Avoid being caught out by an early maize harvest
The hot and dry conditions experienced this growing season are set to bring maize harvest dates forward considerably, as well as impacting yield in some cases.
Wynnstay crop protection manager Dr Simon Pope urges growers to assess crop maturity from late August onwards, to avoid being caught out by crops maturing earlier than normal.
'Maize harvest date will always vary across the country depending on whether the crop is grown in a favourable or less—favourable area, and the FAO number of the variety will also have a bearing,' says Dr Pope.
'The extreme weather conditions this season could push crops to mature much earlier than would normally be expected, so harvest dates will probably need to be brought forward to reflect that.
'The FAO number of a variety relates to the number of heat units it must accumulate in order to reach maturity,' Dr Pope explains. 'Given the extraordinary temperatures that have occurred this growing season, we should expect an unusually early maize harvest, especially for early varieties with a lower FAO number.'
He recommends checking crops regularly to assess the stage of maturity and speaking to contractors to arrange for harvest to be brought forwards if necessary.
'While there is little doubt that an early maize harvest is on the cards, the impact of the growing conditions on yield will be more variable.
'Maize likes warm weather, but the plant also requires sufficient moisture and lack of rainfall has had a negative impact on some crops this year, with several showing signs of suffering from fairly extreme drought stress,' notes Dr Pope.
'As the saying goes, we should expect maize to be knee high by the 4th of July, but this year some crops were not much above knee-height by early August. And many of these crops were showing tightly rolled leaves, indicative of drought stress. Unfortunately, yield potential is likely to be compromised for such crops.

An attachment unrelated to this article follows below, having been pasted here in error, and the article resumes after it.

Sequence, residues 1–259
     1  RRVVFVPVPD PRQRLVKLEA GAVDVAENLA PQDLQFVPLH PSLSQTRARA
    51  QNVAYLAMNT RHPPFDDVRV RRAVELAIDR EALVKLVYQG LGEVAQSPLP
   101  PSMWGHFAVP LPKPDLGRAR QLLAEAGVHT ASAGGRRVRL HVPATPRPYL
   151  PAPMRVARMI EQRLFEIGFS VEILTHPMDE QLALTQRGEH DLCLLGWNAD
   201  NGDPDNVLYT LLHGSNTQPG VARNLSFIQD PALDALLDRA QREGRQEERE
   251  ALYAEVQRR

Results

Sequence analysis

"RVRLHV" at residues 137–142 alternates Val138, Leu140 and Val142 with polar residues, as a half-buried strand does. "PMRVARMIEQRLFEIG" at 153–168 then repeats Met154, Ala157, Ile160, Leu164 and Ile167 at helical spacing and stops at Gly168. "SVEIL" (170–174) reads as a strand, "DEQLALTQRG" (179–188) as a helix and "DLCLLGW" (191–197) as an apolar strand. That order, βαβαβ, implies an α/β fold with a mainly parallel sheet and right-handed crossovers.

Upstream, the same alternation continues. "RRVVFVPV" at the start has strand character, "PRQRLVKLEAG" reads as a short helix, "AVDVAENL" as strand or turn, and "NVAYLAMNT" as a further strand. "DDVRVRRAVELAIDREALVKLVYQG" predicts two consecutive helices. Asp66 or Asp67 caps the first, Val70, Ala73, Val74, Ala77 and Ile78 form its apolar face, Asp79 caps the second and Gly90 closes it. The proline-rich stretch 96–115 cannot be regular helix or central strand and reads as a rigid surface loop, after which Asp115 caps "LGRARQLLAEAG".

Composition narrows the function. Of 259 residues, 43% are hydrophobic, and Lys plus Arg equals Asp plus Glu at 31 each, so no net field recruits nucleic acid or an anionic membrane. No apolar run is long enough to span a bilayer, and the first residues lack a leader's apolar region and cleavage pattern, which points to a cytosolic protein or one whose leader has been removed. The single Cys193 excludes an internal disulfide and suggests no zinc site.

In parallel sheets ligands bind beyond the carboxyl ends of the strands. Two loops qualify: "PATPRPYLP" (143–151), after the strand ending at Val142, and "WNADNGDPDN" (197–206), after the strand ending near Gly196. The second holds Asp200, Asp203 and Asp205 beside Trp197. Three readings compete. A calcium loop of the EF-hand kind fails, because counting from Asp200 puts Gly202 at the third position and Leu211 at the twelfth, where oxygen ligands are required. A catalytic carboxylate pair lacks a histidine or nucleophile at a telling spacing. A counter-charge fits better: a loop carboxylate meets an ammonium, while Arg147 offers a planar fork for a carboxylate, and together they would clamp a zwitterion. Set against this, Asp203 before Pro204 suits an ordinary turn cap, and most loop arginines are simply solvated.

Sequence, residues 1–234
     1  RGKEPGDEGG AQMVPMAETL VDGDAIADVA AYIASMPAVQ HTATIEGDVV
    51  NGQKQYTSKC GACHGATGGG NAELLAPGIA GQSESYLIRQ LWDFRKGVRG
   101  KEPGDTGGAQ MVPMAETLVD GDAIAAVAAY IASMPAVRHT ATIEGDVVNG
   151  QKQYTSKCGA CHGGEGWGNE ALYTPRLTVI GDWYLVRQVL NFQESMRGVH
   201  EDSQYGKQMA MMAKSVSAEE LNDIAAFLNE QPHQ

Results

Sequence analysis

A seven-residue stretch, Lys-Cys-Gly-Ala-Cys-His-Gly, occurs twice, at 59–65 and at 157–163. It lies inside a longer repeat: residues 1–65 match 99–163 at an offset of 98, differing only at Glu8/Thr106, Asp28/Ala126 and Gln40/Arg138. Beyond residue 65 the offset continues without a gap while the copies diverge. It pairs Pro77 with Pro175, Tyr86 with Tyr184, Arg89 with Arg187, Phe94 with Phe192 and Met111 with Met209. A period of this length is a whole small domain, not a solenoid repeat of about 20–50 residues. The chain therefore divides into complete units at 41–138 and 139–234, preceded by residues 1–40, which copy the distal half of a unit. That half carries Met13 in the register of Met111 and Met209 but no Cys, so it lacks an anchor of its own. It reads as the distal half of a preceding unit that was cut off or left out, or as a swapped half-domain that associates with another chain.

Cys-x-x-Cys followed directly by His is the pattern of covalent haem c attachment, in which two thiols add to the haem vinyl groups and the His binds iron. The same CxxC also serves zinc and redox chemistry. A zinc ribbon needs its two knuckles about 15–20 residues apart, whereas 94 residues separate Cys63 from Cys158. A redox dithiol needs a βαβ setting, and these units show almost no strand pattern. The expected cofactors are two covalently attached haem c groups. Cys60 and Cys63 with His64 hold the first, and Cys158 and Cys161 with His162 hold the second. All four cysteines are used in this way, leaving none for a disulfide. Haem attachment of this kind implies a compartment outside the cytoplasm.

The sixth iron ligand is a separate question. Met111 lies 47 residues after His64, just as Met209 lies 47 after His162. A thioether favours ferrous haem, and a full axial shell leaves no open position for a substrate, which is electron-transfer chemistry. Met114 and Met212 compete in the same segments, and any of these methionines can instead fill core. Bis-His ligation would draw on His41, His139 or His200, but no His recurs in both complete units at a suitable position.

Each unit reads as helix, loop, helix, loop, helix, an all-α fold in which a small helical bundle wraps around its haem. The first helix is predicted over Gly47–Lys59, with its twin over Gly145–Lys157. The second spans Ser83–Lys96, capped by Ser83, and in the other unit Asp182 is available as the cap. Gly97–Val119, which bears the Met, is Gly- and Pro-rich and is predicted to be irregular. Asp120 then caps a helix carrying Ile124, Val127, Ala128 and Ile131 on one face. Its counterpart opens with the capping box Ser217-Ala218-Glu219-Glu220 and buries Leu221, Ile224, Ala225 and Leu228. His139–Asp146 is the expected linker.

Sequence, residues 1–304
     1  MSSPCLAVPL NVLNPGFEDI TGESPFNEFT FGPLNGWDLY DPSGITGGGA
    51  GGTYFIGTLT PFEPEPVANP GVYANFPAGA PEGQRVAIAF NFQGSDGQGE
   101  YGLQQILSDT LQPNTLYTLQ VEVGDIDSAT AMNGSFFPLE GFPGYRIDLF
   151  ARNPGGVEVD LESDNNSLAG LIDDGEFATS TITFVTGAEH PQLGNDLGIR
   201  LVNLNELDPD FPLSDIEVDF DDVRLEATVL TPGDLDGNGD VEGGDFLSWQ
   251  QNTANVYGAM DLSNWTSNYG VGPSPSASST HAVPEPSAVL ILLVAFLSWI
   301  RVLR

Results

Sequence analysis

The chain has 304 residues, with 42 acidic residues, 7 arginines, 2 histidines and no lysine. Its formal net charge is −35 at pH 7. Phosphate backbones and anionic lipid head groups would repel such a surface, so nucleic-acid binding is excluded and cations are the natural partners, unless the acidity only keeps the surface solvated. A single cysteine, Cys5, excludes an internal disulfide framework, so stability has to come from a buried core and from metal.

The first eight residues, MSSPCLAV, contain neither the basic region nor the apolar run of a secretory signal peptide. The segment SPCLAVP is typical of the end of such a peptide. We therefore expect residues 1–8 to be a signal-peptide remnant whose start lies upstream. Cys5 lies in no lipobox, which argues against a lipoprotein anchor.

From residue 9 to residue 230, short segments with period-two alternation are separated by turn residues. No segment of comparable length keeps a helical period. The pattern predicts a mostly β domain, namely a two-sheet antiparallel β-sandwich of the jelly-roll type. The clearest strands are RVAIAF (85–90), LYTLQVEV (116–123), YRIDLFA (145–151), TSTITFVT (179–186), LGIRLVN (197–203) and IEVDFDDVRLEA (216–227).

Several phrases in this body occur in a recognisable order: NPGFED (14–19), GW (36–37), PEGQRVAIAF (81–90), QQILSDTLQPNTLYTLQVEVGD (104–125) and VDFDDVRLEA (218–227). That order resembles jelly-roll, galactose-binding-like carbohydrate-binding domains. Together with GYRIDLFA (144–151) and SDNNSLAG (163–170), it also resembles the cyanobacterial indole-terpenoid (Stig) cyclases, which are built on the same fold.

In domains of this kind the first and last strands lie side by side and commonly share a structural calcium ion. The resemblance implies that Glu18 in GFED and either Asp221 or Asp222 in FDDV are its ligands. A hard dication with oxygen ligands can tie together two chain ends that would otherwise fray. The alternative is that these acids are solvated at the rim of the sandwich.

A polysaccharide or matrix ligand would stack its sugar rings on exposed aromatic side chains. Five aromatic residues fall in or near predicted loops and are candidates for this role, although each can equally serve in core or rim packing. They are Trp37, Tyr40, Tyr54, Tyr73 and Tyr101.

'However, at the other end of the spectrum, there are many crops that demonstrated good early vigour, and which were able to establish adequate, deeper root systems, which then enabled the plants to cope with the lack of moisture in the surface layers of the soil. These crops have thrived in the sunshine this year.'
To a certain extent, in a favourable season the maize plant can tolerate some underlying issues. However, Dr Pope suggests that when growing conditions become more difficult it quickly becomes apparent where there are problems with low pH, inadequate nutrition, or where compaction has not been addressed and these criteria then become the biggest driver behind crop outcomes.
'Any agronomic concerns with soil condition or crop nutrition which hold back root development will have resulted in plants being less able to access moisture in the soil when it was needed,' he notes.
'It becomes a vicious circle, if the roots can't develop normally the plant is not supplied with the moisture and nutrients it requires to enable the roots to develop and grow. Without a strong, healthy, well developed root system the plant will struggle when conditions become difficult.
'It's been a year which demonstrates how vital it is to pay attention to detail during crop establishment, to achieve the desired results at harvest,' he concludes.
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